LEE member Takashi Ohno is serving his fifth term as a member of the Hawaii State House of Representatives. In an engaging conversation with LEE staffer Erin Snow, he discussed his most surprising political lessons, the approach he took to lead with equity during the pandemic, and his consistent willingness to challenge himself by raising his hand — even when the situation proves to be a humbling experience.
It’s been a very challenging year. How have you led with your values of equity during the pandemic?
It’s been a trying pandemic, particularly as an elected official, and I know that there are many other folks who are hurting even worse. All in all, I am grateful for the opportunity to serve them. But there has been a lot of emotion. Our office received calls from constituents that were very desperate; people who were at their wits end. I credit a lot of people on my staff for taking that emotion and still being able to execute their jobs. Most of our resources and time went to those people who were most in need.
I always considered myself a hard worker, and I wanted to be the hardest worker among my colleagues for my constituents. Our office wanted to make sure that we were being transparent and soliciting information from people. We did not want to just sit back and wait for people to reach out to us, but be proactive and share every government update, shut down effort, and relief program.
Being the hardest worker was a mindset that dates back to when I first ran for office. At that time, I was a third grade teacher running for office for the first time. I promised myself that no one was going to outwork me and no one was going to knock on more doors than me.
During the pandemic, I kept the same attitude – although this was very emotionally draining for so many of my neighbors, a majority of those neighbors had chosen me as their elected representative, and I wasn't going to let them down.
What are the main differences from your expectations before serving vs. the reality of being a state legislator?
One expectation that has been different is that rather than being a place where we solely talk about policy, this “battlefield of ideas,” the Legislature is kind of like school or a general workplace. For example, some colleagues or staff members forget to do their homework. There are people who really should have read the email before asking their question. There are people who hit reply all instead of reply.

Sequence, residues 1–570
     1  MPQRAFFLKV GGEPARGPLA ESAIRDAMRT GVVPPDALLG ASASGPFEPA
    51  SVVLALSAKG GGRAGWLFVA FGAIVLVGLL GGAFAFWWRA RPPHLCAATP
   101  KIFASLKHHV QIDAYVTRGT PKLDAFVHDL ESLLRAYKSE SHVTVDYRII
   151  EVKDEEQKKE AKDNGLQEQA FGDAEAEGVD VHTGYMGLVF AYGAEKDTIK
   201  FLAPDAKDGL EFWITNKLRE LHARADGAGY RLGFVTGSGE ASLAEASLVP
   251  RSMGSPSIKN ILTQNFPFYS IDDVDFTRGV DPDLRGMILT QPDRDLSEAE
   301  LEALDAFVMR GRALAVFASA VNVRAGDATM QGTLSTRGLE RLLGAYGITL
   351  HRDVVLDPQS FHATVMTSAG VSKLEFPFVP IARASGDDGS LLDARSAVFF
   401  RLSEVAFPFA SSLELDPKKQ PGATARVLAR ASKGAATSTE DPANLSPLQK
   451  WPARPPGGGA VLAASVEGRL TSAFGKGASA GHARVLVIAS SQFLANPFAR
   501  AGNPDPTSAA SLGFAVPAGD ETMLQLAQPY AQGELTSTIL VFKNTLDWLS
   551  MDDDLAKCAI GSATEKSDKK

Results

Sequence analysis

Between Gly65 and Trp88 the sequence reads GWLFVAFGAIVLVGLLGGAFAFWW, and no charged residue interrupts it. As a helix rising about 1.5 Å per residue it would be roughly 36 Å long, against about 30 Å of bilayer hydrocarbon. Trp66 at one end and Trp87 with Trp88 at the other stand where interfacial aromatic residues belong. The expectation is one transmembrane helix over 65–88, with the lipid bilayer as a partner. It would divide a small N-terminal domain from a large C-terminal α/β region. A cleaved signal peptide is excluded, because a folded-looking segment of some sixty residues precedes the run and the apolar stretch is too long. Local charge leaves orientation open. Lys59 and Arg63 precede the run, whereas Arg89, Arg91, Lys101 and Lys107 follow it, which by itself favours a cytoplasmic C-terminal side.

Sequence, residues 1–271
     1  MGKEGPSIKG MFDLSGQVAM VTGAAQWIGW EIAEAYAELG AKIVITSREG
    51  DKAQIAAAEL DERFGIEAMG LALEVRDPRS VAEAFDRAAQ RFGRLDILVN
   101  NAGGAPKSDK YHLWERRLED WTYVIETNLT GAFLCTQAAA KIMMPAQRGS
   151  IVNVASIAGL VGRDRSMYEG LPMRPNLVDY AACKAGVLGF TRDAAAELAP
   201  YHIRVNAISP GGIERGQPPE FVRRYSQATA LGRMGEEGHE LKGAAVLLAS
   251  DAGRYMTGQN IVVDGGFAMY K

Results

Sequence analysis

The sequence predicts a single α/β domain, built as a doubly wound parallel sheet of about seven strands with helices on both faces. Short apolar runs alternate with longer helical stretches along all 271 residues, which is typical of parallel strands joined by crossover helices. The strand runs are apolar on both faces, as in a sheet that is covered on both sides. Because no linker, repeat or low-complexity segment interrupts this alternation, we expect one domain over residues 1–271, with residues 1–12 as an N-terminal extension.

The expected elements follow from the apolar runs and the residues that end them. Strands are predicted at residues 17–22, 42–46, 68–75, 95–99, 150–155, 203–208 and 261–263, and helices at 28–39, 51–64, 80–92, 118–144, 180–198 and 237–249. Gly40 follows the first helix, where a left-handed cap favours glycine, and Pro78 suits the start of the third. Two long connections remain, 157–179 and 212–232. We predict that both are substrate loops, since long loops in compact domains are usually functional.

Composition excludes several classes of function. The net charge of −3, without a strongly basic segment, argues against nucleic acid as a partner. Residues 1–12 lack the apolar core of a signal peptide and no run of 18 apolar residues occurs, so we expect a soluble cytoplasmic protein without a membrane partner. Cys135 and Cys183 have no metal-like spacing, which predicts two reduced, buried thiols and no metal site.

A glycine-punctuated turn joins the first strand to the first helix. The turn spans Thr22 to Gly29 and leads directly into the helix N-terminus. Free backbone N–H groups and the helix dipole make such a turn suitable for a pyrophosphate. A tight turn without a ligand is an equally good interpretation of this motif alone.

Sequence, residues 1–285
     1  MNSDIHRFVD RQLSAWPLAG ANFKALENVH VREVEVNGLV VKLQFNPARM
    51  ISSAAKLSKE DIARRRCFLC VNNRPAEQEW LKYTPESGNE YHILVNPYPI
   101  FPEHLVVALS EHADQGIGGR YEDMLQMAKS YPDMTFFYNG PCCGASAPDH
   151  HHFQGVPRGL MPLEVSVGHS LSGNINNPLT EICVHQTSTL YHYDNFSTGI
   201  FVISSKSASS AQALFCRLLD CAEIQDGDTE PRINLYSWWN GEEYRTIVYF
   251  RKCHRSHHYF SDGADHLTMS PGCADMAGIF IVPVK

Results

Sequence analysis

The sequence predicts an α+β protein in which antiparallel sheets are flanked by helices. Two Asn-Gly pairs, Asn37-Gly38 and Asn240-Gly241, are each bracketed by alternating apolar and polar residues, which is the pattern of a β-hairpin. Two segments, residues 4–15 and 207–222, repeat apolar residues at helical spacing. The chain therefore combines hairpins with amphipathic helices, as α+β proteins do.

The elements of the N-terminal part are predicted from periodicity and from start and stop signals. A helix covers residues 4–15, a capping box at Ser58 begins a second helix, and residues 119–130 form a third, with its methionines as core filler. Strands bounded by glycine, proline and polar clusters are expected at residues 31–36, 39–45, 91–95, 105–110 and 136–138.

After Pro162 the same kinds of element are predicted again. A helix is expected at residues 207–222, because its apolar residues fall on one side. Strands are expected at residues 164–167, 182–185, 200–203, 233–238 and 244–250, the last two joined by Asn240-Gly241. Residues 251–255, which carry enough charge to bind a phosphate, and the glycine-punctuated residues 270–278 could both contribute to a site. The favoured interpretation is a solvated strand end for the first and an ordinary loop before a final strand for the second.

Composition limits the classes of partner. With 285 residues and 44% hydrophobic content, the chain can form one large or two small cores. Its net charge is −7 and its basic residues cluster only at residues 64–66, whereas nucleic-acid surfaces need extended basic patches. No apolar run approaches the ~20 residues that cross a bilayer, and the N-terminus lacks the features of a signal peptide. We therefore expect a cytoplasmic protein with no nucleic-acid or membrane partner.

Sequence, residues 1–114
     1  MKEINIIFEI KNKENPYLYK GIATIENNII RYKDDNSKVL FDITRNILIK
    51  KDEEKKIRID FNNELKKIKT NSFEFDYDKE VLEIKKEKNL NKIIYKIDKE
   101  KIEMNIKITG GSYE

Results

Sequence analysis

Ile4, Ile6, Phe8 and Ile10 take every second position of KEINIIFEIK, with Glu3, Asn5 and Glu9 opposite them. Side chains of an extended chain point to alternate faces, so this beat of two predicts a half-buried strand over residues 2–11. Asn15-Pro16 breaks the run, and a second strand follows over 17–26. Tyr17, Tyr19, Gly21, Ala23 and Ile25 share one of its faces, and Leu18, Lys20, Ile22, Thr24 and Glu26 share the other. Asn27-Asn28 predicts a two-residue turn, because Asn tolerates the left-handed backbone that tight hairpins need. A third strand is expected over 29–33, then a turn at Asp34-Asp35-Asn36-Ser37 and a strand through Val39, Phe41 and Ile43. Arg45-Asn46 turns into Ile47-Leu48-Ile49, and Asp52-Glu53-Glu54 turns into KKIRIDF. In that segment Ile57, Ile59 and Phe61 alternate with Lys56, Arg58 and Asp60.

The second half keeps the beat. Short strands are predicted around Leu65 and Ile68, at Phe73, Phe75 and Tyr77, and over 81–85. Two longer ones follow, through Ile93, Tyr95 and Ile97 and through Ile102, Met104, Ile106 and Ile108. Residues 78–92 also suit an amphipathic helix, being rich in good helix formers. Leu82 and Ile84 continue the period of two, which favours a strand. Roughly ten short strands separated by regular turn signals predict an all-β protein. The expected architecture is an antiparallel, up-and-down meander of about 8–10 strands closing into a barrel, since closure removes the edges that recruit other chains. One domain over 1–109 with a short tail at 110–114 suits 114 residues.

What I’ve found is that people will vote for my ideas because they think that I’m presenting a solution to a problem. But more so, people will vote for my ideas because they trust me or they just like me. And that's politics. In a nutshell, policy is crucial, but it's got to be paired with politics to be most effective.
You find very creative ways of engaging your community via in-person gatherings, social media, and your website. Do you have tips and strategies for members who are interested in this type of engagement?
Over the course of my experience, I’ve learned that I need to have a mindset of trying to take risks and try new things. My staff and I use a process of trial and error. If we come up with five new ways we want to serve the community and engage constituents, maybe three out of the five really aren't going to move the needle. Maybe one out of the five actually might even be worse than the current way we do things. But one of those five might be a keeper. You've got to try those five different ideas to find that one that actually is going to be a difference maker. Rather than telling yourself we have a system and it works well so don’t touch it, you've always got to be trying new things.
I think seeking discomfort or putting yourself in situations where you're nervous is when you're growing as a person and as an elected leader. It's a muscle, and your ability to take on the unknown gets stronger with effort and practice.
After serving nine years in the Hawaii State House, what is the top piece of advice you would offer to other LEE members currently serving in elected office or considering running for office?
Particularly for folks who are considering a run for office, I would highly encourage them to step up and try to become a leader, because ultimately there's going to be no one who represents you and your values better than yourself. The best person in that seat is going to be you.
The advice I would give others is very simply raise your hand. I think we all know that feeling where someone asks for a volunteer and then the crickets come out. If you want to become involved and you are the first person to raise your hand immediately, I think that people start to look at you as a leader.
For myself, over the course of years while I was a teacher and then started attending community meetings, I pushed myself to get involved and be that person who just simply wants to raise his hand. With a smile, an open mind and an interest in trying to learn from others, you can break down a lot of walls and build a lot of bridges.
*This interview has been transcribed and edited for clarity and brevity.